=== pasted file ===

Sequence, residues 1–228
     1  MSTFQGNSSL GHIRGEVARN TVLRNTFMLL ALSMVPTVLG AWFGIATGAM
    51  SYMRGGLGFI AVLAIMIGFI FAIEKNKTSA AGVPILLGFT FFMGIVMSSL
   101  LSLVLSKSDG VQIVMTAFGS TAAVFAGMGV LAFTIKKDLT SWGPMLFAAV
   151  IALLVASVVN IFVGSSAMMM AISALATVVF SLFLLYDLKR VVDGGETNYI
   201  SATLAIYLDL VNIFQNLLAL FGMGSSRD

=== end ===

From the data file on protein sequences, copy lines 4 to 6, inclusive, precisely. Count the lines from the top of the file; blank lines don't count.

   101  LSLVLSKSDG VQIVMTAFGS TAAVFAGMGV LAFTIKKDLT SWGPMLFAAV
   151  IALLVASVVN IFVGSSAMMM AISALATVVF SLFLLYDLKR VVDGGETNYI
   201  SATLAIYLDL VNIFQNLLAL FGMGSSRD